10. The main question raised and which requires to be decided is whether it is in accordance with the provisions of the Temporary Act or according to the provisions of the Amended Act, proceedings under Section 6(2) of the Temporary Act pending at the commencement of the Amending Act, in which a person claims a benefit, right or remedy under the provisions of the Principal Act or the Amended Act, are to be disposed of.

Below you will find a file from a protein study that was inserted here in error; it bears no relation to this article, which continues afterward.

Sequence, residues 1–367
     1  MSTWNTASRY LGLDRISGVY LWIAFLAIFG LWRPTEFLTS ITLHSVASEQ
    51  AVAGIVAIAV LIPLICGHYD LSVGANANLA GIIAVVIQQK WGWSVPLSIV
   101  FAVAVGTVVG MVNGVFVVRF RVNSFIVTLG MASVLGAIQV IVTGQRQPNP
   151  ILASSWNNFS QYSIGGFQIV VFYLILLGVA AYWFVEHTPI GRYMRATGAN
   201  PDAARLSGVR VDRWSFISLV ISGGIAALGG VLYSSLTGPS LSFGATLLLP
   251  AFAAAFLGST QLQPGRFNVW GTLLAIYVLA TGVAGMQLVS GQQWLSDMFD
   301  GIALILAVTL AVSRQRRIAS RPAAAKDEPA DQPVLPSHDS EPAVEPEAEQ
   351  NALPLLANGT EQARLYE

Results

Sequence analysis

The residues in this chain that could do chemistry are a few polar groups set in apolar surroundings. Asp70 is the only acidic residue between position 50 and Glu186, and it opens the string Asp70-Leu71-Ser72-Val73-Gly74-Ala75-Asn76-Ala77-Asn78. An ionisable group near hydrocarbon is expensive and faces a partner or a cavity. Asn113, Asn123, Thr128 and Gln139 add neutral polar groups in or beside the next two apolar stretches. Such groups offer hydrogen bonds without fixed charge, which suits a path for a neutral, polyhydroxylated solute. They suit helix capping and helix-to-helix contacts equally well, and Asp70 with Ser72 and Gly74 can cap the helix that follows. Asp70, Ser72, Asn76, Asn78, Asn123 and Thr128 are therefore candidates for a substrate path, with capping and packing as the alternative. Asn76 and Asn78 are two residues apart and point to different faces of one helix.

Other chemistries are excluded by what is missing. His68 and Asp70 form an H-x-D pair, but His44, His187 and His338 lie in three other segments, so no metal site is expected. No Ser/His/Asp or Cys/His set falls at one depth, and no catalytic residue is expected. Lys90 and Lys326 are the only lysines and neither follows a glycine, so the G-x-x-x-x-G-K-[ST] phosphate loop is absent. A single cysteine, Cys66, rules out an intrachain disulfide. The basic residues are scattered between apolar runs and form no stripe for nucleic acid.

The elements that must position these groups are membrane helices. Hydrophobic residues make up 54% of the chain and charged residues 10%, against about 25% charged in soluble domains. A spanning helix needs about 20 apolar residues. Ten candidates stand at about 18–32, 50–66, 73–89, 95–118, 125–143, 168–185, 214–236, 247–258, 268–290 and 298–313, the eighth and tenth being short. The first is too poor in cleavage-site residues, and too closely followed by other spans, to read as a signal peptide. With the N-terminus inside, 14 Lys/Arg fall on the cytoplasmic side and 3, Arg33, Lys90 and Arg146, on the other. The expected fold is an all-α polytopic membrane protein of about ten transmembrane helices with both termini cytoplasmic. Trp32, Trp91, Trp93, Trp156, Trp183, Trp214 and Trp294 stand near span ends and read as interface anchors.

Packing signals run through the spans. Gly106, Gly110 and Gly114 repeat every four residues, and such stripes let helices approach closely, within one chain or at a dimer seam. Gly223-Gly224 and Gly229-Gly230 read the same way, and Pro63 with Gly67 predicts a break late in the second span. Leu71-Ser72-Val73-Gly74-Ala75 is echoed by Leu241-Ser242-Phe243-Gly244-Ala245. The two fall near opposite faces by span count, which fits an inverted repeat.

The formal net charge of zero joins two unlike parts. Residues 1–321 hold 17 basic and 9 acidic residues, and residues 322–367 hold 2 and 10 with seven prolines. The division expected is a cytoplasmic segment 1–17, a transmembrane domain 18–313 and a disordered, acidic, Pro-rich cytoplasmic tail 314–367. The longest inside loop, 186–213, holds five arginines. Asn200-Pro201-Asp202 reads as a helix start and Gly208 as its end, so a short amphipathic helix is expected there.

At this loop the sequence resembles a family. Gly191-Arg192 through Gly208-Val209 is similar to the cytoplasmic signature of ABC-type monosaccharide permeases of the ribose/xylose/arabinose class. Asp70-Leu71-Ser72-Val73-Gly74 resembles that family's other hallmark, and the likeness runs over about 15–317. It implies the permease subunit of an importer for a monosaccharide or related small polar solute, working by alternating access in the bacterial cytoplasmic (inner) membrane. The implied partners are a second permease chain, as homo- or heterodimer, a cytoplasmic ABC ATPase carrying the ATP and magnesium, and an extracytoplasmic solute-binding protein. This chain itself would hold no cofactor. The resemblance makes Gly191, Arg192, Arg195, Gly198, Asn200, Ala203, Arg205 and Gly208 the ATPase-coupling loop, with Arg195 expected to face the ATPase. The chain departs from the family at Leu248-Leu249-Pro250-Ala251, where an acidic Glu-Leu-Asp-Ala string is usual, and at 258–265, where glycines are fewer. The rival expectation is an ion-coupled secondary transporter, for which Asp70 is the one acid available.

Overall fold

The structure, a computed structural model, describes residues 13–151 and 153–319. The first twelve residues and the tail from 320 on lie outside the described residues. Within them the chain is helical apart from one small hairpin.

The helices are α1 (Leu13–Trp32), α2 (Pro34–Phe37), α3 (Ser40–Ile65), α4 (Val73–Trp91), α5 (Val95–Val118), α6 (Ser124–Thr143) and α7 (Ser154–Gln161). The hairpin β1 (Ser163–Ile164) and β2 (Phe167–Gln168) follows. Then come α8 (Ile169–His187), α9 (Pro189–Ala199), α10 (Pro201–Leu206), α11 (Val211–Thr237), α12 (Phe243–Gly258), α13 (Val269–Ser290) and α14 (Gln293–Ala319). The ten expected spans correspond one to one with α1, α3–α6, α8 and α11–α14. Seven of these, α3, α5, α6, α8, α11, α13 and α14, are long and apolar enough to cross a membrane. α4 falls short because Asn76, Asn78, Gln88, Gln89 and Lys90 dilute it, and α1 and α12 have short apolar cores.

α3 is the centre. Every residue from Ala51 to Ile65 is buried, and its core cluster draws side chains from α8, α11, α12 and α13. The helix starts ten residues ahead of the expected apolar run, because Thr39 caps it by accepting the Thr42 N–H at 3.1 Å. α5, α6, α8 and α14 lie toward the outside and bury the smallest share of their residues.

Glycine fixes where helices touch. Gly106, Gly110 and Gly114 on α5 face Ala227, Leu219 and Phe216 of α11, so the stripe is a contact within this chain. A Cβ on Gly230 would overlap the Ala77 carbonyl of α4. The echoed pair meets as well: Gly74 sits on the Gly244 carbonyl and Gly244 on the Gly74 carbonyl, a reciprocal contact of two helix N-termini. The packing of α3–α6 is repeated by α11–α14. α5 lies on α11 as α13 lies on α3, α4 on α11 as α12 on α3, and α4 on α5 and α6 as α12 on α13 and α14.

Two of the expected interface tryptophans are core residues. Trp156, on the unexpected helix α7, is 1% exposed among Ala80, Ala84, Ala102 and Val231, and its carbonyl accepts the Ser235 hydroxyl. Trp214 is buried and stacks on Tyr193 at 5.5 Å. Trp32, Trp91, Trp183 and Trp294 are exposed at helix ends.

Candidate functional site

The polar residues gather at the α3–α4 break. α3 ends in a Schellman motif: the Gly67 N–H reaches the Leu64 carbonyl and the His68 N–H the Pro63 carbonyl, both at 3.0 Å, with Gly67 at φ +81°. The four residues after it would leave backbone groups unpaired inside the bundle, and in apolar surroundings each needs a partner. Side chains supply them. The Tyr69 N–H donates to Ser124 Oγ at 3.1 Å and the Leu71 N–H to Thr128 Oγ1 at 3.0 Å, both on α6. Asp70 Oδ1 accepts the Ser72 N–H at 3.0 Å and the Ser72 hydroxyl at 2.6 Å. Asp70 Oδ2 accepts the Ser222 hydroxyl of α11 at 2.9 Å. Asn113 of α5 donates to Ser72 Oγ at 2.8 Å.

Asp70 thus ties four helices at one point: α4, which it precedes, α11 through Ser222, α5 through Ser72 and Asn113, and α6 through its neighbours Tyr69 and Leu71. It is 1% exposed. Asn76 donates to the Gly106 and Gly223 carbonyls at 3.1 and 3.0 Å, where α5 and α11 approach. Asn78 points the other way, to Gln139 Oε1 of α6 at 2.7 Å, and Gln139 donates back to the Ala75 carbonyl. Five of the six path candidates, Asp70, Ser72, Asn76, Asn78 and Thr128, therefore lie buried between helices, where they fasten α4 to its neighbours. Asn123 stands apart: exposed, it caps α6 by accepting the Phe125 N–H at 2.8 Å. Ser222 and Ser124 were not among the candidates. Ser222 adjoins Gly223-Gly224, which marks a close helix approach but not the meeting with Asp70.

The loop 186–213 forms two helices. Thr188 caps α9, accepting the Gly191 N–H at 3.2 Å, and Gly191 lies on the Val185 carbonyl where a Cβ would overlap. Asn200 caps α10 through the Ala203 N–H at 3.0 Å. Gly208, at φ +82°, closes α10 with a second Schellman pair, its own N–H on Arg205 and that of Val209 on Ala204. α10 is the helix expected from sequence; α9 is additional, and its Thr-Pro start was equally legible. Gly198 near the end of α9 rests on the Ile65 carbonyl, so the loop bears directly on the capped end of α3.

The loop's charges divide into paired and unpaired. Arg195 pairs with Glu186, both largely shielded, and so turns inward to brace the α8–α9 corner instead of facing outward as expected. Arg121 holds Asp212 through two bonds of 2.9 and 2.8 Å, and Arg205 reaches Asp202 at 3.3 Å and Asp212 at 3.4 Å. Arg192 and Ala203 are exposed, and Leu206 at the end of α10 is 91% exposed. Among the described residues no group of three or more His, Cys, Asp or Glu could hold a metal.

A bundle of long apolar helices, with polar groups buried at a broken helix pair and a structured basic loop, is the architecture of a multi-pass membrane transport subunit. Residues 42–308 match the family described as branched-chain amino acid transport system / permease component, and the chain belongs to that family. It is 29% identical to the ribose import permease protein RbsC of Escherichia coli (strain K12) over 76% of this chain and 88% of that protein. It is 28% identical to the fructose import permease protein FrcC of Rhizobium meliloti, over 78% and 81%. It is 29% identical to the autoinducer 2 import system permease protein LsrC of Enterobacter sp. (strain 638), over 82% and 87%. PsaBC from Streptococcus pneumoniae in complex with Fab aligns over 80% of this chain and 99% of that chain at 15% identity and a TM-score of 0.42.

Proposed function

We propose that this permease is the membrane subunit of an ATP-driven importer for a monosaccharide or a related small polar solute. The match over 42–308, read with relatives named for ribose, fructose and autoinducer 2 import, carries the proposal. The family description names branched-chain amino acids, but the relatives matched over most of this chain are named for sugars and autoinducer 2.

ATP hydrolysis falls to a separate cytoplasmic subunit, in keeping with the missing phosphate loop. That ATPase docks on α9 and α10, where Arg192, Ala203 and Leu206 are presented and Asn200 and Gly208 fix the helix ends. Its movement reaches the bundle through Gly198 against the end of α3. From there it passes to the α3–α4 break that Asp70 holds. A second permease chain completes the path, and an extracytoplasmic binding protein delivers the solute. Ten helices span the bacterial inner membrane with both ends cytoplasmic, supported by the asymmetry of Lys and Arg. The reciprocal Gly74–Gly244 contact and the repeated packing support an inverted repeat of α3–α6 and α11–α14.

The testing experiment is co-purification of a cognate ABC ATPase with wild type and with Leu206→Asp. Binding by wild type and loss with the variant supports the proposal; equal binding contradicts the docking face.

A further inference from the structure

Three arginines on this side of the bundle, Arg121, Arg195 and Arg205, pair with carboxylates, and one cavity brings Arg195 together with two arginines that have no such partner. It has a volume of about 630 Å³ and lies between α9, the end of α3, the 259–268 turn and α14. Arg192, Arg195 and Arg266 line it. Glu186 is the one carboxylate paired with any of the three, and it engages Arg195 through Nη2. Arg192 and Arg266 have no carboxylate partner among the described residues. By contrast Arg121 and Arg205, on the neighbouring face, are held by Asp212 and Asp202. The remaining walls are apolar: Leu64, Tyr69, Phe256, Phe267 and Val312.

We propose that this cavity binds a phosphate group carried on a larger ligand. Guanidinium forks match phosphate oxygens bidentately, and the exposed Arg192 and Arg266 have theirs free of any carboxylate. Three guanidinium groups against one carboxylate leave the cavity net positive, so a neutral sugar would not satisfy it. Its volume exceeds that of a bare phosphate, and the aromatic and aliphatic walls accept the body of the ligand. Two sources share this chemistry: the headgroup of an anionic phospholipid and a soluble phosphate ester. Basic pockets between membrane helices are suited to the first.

11. We have already noticed, while peeping into the legislative history behind the Land Reforms Act, that the Temporary Act (9 of 1967) was only a temporary legislative measure to provide interim relief and protection to the tenants, pending comprehensive legislation 'to grant more benefits to tenants and kudikidappukars'. The scheme the Legislature had in mind is indicated from the fact that the death of the Temporary Act and the birth of the Amending Act (Act 35 of 1969) were simultaneous, without allowing any time interval between the two. A plausible argument could have been put forward in favour of the proposition that proceedings under Section 6(2) of the Temporary Act pending at the commencement of the Amending Act, should have been pursued under the Temporary Act itself, but for the combined effect of Section 108(3) of the Amending Act (35 of 1969) and Section 13-B of the Amended Act. The essence of Section 108(3) of the Amending Act is that, if, in proceedings pending at the time of the commencement of that Act, any person claims any benefit, right or remedy conferred by the Principal Act or the Amended Act, such pending proceedings shall be disposed of in accordance with the provisions of the Amended Act, that is to say, in accordance with the provisions in Act 1 of 1964, as amended by Act 35 of 1969. The mandate of Section 108(3) would operate unless the application under Section 6(2) relates to anything other than the benefit, right or remedy conferred by any of the provisions of the Amended Act. In the ease that had fallen for decision in C. R. P. Nos. 1090 and 1091 of 1972, decided by Krishnamoorthy lyer, J., and in Parameswaran Namboodiri's case 1974 Ker LT 67, as also in A. S. A. No. 19 of 1976, decided by Division Benches, the parties had no case that the benefit, right or remedy sought by them under the respective applications under Section 6(2) of the Temporary Act was anything more or other than what was conferred by the provisions of the Amended Act. It is quite clear that Section 108(3) of the Amending Act spells out an intention to the contrary to the continuance of the petitions filed under Section 6 of the Temporary Act under the provisions of that Act. The legislative intention which eould be gathered from Section 108(3) of the Amending Act gives no room to infer that the right to continue the proceedings under Section 6(2) of the Temporary Act had been preserved; on the other hand, all the indications are that that right has been completely destroyed by the positive directions contained in Section 108 of the said Act, and in Section 13-B of the Principal Act. Krishnamoorthy Iyer, J. as well as Gopalan Nambiyar, C.J., have dwelt upon the proviso to Section 13-B(1) of the Principal Act which has already been extracted towards the end of paragraph 7 supra. That a particular category of persons entitled to benefit under Section 6 of the Temporary Act has been specifically excluded from the purview of Section 13-B(1) of the Amended Act by itself would not be a valid defence to allow proceedings pending at the time of the commencement of Act 35 of 1969 (Amending Act) in which any person claims any benefit, right or remedy conferred by the provisions of the Amended Act to be continued in accordance with the provisions of the Temporary Act, despite the injunctions against such continuance contained in Section 108(3) of the Amending Act. May be, a particular category of persons has been excluded from the purview of Section 13-B(1) of the Amended Act; hut it could only mean that no benefit, right or remedy is conferred on that class of pe-rsons by the provisions of the Amended Act. The mandate in Section 108(3) is restricted to persons claiming benefits, rights or remedies conferred by the principal Act or the Amended Act, not to persons on whom no such benefit, right or remedy has been conferred. The scope and purpose of the sub-section appear to have been misunderstood when emphasis is laid on the proviso which excludes certain category of beneficiaries under the Temporary Act from the purview of Section 13-B(1) of the Amended Act, and on the difference noticed between the two provisions, it is concluded that no intention to the contrary to the continuance of the proceedings under the provisions of the Temporary Act itself, had been contained in the provisions of Section 108(3) of the Amending Act. The position is simple: on certain class of persons certain benefits, rights and remedies have been conferred either by the Principal Act or by the Amended Act; Section 108(3) of the Amending Act provides that if any person claims any such benefit, right or remedy in proceedings pending at the commencement of the Amending Act, such proceedings shall be disposed of in accordance with the provisions of the Amended Act. There could be no doubt that the intention of the Legislature has been that such proceedings should be disposed of in accordance with the provisions in the Amended Act. The applicability or otherwise of Section 108(3) of the Amending Act has to be determined with reference to the persons who claimed in the pending proceedings any benefit, right or remedy conferred on them under the Principal Act or the Amended Act, not with reference to persons on whom no such benefit, right or remedy has been conferred by the Principal Act or the Amended Act. From that point of view, it is immaterial whether or not certain categories of beneficiaries under the Temporary Act, have been excluded from the purview of Section 13-B(1) or any other provision in the Principal Act or the Amended Act. The absence of any intention contrary to the continuance of the proceeding under the Temporary Act itself so far as it related to persons on whom certain benefits were conferred by the Temporary Act, but from whom such benefits were taken away by the proviso to Section 13-B(1) of the Amended Act, would not justify our importing into Section 108(3) 'intention to the contrary' so far as it related to a case of those who claimed any benefit, right or remedy conferred on them by the Amended Act in proceedings pending at the commencement of the Amending Act.